The monocular is an 8x25. That means it has the same 8x magnification considered standard for birdwatching binoculars and has a 25mm objective lens, the lens closest to whatever you’re looking at. Magnification power is how close the object appears—8x means the object looks eight times larger than it would otherwise. The objective lens determines the light-gathering power, so images from larger objective lenses will generally be brighter and clearer. Most naturalists opt for a wider objective lens for the binoculars they use most often; the standard is 42mm.
As for the cost, the system will go for around $2,310. This might sound expensive, but top-of-the-line binoculars, including the Swarovski binoculars popular with veteran (or wealthy) birders, can cost $2,000 to $3,000—and no other binoculars can identify the bird for you as easily. But there are also high-quality binoculars that cost less: I have few complaints with my $100 Celestron Nature DX 8x42 binoculars and am considering an upgrade to the popular Nikon Monarch 7s or Zeiss Terra binoculars, both around $500. Meanwhile, the Merlin Bird ID app is free, and a bracket to mount your smartphone camera to your binoculars can get you the same functionality as the Swarovski dG for $50—but far slower and less streamlined, which could be the difference between photographing a rare bird and missing it without ever knowing what it was.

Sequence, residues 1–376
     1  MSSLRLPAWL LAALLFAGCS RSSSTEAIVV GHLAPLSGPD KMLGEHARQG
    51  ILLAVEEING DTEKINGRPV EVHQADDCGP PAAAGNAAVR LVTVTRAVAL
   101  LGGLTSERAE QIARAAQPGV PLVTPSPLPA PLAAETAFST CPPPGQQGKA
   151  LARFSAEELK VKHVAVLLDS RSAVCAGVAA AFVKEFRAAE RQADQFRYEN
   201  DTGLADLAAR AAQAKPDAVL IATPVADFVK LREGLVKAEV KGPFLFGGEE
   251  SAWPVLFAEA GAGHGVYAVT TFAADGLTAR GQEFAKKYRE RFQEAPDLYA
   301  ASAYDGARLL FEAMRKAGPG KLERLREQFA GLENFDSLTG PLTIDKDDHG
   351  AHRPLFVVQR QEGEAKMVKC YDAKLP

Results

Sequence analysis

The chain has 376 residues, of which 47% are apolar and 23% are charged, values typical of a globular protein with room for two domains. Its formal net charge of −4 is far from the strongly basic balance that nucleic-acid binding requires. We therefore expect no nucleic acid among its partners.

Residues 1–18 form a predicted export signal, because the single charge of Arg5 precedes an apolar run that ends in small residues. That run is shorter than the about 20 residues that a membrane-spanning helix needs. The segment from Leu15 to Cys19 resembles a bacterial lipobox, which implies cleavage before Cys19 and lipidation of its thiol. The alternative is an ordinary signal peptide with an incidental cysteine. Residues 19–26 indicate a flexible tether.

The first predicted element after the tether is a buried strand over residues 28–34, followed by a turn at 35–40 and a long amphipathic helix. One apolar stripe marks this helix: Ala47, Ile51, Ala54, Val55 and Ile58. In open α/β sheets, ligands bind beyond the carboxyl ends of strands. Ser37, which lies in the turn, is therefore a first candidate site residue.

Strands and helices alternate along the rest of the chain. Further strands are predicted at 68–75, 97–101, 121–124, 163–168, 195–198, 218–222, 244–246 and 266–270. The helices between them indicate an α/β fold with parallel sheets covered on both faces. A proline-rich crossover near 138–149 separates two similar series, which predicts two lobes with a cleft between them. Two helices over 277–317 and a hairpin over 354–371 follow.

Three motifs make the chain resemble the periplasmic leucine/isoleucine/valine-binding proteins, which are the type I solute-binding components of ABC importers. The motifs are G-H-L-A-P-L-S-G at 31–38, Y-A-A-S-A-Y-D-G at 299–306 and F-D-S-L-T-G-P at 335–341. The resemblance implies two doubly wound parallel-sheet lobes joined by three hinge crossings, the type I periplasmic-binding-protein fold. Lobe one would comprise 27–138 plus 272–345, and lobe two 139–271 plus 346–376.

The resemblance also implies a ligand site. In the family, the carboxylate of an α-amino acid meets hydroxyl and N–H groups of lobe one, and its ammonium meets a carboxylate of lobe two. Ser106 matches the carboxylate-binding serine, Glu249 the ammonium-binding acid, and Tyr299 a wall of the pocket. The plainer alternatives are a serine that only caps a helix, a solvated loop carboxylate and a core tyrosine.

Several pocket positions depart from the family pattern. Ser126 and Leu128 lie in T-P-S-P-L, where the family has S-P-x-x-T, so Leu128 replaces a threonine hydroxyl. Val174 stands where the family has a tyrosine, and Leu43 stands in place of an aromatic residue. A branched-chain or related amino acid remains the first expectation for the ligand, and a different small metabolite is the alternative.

I’m not sure I used the device long enough to decide whether it felt gimmicky or not—or to decide whether I’d ever ditch my own setup for optics with a built-in camera. With no autofocus and no way to change the shutter speed or the aperture size of the camera lens, the quality of photos generally can’t beat a dedicated camera. But there are plenty of times I go out without a camera and then regret not having a quick way to take photos of the things I’m seeing. Like quick lunchtime walks in Central Park or work trips where I don’t have room to carry a heavy lens. I’m sure others would get a lot of use out of it too, be it newer birders who need help with identifying species, or even casual nature lovers who don’t feel like memorizing hundreds of species prior to every nature walk.
Perhaps most importantly, if this technology becomes more affordable and widespread, I think binoculars with built-in cameras that integrate with identification apps have the power to make more people enjoy nature than any other piece of technology ever has.